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Opinions of Monday, 11 October 2021

Columnist: Kwadwo Sakyiama

LGBTQI+ discussions within the context of our values

The value concept is key to understanding acceptable behaviuors within a geographic location The value concept is key to understanding acceptable behaviuors within a geographic location

The value concept is key to understanding acceptable behaviours within a geographic location.

Values will set boundaries for you, indicating what is deemed right and bad in the society in which you live. It will tell you what is permissible, what is not permissible, what is illegal, what is desirable, what is legitimate, and the procedures to penalise unacceptable behaviour.

The limits to which these values can be expressed are determined and confined to the sovereign nation within its geographical borders. Governments and laws are typically enacted to safeguard social values and to enforce the procedures of acceptance.

Where there are shared values amongst sovereign states or people, there are known and acceptable ways of expressing these values in a mutually acceptable manner. Values are not static. Education, religion, environment, and several other factors at one time or the other can influence the values that are projected strongly within a geographic region.

The level of tolerance is often determined by the weight of acceptance in society. Polygamy which is accepted in our traditional practices for instance is not recognised in America.

What pleases me may offend the sensibilities of a greater proportion of the society I belong to. The global values of the society I belong to are weightier than my individual preferences.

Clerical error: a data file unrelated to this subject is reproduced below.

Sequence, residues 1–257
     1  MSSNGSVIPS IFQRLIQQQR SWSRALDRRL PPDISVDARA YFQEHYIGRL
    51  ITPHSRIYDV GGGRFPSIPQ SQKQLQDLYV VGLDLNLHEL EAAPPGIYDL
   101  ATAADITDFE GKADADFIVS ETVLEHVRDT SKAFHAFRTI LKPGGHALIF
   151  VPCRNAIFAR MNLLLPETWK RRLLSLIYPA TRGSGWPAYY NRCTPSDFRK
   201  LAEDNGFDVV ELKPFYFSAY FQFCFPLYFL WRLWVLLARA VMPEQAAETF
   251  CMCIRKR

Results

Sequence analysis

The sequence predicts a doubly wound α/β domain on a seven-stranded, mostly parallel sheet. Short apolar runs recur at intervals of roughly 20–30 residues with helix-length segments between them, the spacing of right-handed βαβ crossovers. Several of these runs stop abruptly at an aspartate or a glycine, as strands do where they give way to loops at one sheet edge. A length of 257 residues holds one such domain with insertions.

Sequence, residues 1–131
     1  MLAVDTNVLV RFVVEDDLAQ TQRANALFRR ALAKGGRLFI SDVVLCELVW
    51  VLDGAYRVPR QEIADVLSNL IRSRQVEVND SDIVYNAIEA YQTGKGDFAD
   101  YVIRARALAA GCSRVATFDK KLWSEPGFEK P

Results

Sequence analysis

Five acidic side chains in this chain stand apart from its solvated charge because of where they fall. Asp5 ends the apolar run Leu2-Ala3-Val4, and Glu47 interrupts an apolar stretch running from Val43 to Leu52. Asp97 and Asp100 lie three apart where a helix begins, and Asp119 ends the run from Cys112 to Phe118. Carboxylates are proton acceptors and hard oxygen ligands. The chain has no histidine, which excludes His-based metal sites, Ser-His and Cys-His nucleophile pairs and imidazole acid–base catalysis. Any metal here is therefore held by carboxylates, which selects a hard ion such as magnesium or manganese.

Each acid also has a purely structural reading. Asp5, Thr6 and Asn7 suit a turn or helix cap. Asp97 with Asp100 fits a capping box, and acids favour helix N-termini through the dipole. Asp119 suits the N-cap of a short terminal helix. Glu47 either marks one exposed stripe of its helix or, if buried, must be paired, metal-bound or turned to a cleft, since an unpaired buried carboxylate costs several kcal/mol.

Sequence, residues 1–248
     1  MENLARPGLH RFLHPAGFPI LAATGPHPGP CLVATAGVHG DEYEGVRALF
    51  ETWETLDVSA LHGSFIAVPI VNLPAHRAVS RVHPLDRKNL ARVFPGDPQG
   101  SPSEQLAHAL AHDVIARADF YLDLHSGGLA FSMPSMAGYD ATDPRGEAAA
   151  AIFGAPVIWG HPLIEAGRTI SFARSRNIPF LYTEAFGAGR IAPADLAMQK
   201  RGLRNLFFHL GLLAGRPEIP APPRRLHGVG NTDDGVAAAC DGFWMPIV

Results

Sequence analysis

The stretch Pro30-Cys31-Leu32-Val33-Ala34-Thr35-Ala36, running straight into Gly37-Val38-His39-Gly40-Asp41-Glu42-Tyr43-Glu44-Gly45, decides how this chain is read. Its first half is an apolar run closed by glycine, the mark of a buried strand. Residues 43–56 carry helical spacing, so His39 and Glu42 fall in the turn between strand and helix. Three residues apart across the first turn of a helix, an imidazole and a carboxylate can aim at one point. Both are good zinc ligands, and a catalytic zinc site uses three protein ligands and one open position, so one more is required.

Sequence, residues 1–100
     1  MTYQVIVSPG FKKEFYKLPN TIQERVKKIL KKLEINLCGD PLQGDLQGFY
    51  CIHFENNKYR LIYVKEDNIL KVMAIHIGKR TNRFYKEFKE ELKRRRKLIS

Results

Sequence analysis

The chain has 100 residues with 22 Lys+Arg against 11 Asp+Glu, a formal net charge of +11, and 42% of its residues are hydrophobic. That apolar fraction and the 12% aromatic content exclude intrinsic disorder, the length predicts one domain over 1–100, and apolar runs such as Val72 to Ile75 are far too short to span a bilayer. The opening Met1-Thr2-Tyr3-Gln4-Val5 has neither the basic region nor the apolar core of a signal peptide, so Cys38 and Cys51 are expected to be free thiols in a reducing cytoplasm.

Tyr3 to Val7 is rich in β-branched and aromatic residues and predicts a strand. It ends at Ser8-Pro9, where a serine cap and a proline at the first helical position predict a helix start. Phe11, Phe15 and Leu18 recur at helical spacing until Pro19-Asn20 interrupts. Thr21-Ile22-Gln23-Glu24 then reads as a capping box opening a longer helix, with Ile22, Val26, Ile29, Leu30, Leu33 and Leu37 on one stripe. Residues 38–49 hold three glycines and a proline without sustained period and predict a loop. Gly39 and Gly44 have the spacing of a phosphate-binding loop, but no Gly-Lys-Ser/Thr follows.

The preferences that I practice in the confines of my space with people who are comfortable with my practices, but which are offensive to the society I belong to cannot be subject to condemnation because it is within my space and does not offend anybody.

Our (Ghanaian) values are very clear. One of our very marketable/known values is our hospitality. We welcome and accept people of all ilk into our fold, but we are also capable of rejecting behaviours that do not conform to the global values of our society.

We are not naïve. Have never been. Will never be. We know what we want, how we want it, why we want it, and when we want it, except that we do not always show enough commitment towards achieving what we want.

What has been exhibited strongly in my view in the discourse surrounding the anti-LGBTQI+ bill is a greater commitment that we do not want to normalise the open practice of gay within our sovereignty. We know the practice goes on, we live and associate with gays in our communities, we study in the same classrooms with gays, we sleep in the same rooms with gays without harming them.

Your preference to be gay is your individual decision. What the greater Ghanaian society is settled on is, gay practices are against our collective values and value systems and therefore will not permit and accept the practice.
We are not a homophobic nation, and we shall not be just because a foreign media house chose to describe us as such.

Among the rubrics that are so common to anyone who has walked the hills of 'Kwabotwe' is, “a breach of common sense is a breach of school rules.”

May we be guided.